Friday, June 20, 2008

Class Fundamentals

I teach a Korean Martial Art (Tang Soo Do) for a decidedly American audience. I do actually have a native Korean in class who politely never corrects what I am sure is a butchering of her language - but "Kor-English" is a topic for another day. For my American students, I have a pattern that I follow for class that seems to work.

We always begin with stretches from hand to head to foot, making sure that all muscle groups are properly prepared before any rigor is added to the session. Then the first 30 minutes (each class is an hour long) is very aerobic in nature. We work on stances, blocking and striking techniques, stretching and kicking. This is done is a fairly fast-past sequence with no real breaks.

I've seen (even in my own school) instructors who will have the class do a single technique, with maybe ten reps, and then "parrow" (take a break to adjust their uniforms) and catch their breath. Now, don't get me wrong - I'm not a Drill Sargent looking to see how many neophytes I can drop (well, maybe red and black belts), but I do want to see everyone breaking a sweat and pushing themselves to greater strength and endurance.

There is something about trying to perfect a strike, a block, a stance, or other technique when the body is tired that cements the physical movements into the body. It also has the added benefit of teaching the student that they can still perform even when they are tired. This alone could save their life in a real confrontation.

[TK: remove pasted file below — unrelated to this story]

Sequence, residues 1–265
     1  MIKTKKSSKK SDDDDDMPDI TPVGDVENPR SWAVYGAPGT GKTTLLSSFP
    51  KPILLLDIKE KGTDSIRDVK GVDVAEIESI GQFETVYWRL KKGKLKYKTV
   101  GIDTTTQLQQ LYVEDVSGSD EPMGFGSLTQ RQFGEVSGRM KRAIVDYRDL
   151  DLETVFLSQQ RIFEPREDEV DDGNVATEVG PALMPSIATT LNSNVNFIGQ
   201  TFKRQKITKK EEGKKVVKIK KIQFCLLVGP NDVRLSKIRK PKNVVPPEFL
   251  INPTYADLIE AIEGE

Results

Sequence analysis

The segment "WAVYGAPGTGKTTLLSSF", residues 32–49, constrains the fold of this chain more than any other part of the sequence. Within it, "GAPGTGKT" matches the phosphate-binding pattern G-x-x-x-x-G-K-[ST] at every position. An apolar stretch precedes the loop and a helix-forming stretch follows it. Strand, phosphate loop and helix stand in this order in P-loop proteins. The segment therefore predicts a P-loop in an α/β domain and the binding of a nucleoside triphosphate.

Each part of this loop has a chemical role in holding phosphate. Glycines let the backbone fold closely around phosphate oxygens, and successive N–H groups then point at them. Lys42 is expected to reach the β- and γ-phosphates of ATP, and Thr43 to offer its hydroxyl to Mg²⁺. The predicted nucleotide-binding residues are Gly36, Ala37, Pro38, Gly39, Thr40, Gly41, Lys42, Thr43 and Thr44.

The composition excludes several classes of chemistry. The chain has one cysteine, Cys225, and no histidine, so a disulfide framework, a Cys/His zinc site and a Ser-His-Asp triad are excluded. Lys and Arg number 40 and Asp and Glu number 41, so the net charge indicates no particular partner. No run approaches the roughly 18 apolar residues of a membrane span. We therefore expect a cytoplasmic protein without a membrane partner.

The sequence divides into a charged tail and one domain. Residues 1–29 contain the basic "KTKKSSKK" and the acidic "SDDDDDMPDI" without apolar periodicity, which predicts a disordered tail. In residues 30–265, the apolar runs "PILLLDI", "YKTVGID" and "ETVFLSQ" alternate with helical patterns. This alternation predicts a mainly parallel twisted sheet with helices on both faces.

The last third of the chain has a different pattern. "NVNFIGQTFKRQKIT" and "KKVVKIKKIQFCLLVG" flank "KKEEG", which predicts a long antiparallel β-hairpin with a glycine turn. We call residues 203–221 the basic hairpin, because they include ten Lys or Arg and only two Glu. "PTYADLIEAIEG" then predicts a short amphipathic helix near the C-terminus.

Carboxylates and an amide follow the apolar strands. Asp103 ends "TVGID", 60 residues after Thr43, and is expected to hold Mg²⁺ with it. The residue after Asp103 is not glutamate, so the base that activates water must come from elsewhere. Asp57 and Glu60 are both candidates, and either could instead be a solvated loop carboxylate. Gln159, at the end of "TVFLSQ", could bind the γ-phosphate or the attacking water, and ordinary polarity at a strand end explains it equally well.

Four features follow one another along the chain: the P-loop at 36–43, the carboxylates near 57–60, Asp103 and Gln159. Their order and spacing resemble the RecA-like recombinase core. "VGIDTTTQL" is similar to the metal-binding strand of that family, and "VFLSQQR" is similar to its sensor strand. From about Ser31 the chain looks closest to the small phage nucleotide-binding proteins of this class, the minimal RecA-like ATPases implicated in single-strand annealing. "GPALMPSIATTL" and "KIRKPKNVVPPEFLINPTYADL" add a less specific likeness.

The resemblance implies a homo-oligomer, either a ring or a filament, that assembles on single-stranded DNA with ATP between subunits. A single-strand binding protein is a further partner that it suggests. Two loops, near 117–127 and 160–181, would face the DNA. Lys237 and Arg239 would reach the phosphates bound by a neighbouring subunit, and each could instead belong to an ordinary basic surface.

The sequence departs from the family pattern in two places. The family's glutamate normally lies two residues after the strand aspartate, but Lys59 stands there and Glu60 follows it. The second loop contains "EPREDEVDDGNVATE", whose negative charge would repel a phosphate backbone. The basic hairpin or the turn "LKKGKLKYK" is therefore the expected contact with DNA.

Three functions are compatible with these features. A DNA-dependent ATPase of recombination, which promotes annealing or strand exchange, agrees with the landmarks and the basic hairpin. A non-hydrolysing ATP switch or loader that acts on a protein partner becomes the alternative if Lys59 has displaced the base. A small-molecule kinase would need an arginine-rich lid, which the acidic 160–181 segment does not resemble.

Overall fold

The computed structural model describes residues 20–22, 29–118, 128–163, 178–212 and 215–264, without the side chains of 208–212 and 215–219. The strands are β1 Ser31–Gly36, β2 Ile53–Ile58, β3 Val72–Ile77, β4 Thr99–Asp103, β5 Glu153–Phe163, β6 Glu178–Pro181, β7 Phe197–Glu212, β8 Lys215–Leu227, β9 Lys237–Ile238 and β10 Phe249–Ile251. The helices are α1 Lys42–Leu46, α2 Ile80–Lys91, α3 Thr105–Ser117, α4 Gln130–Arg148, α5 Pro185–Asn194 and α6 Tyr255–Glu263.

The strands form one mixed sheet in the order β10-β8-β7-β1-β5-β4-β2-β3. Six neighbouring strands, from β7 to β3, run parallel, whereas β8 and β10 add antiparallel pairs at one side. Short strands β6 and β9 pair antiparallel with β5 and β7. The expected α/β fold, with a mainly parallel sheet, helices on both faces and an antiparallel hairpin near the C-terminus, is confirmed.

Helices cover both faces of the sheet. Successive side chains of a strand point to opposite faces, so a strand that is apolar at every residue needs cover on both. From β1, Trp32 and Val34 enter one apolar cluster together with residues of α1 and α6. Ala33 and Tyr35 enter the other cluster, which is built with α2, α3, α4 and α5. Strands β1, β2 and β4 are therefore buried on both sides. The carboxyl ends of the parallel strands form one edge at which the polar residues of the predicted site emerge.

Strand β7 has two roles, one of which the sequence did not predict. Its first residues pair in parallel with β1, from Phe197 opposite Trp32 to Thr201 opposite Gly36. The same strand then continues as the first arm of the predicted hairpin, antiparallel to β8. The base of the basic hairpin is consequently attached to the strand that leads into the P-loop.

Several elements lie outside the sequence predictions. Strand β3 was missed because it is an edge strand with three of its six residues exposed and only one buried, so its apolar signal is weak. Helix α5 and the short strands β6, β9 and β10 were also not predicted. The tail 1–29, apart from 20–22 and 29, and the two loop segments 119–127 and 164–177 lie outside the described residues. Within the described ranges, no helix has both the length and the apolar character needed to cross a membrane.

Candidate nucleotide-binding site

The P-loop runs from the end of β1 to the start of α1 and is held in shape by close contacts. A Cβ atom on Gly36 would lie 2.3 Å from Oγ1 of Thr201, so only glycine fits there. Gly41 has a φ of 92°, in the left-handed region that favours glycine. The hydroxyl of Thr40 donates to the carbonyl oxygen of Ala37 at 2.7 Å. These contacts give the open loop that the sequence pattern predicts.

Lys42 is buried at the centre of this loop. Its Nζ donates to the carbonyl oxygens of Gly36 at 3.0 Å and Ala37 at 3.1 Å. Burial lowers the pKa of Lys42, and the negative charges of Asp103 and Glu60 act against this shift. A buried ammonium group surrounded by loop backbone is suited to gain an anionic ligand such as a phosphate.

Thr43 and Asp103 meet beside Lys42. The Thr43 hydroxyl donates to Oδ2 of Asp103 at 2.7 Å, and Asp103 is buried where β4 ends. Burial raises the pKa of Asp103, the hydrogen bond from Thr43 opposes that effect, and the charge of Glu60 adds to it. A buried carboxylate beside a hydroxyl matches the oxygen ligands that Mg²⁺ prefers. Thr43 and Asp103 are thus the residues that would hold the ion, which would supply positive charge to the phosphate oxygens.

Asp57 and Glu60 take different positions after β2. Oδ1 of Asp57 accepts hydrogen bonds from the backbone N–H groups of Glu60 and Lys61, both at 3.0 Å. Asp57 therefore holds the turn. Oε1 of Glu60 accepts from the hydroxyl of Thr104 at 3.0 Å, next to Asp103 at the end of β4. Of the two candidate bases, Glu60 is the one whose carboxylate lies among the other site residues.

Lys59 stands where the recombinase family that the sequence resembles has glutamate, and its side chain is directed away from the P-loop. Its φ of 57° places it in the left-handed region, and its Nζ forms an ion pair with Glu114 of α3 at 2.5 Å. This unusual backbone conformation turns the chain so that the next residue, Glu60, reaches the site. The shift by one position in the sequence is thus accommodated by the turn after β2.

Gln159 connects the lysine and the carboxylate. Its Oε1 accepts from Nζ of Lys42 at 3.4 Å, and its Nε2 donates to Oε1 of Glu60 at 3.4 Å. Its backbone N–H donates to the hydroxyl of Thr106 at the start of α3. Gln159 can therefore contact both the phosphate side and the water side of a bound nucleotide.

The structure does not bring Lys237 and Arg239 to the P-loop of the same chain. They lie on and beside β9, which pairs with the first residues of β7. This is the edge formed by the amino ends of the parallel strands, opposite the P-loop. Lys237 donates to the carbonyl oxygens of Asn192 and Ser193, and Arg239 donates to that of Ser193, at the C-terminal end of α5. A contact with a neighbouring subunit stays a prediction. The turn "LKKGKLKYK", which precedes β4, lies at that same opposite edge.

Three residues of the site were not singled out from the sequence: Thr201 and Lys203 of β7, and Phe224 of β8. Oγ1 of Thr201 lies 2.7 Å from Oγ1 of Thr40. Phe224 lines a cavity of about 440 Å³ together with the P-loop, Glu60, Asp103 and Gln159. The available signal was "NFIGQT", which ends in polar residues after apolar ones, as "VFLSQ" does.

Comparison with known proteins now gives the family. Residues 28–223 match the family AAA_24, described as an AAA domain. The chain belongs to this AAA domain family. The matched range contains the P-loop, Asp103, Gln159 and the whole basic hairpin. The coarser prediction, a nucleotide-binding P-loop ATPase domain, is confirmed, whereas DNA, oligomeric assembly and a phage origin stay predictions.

Once I've achieved a level of physical exertion (some say exhaustion), I then move the class into less rigorous activities such as Hyung (forms/patterns/kata) - but make no mistake, this is not a time to relax, as I expect sharp movements, low stances, good balance, precise movements, and powerful techniques. During all of the aerobic and anaerobic exercise the students must always respond with appropriate etiquette and confidence.

I always try to end the class with a skill builder that is also fun. This could be bag work, team or partner-based activities or working on something new. At the end of the class the students feel they have had a great workout (very important to our clientele) and they've had an enjoyable time. As I said earlier, I'm not trying to build a military platoon here - we're keeping people in shape while giving them a very useful skill.

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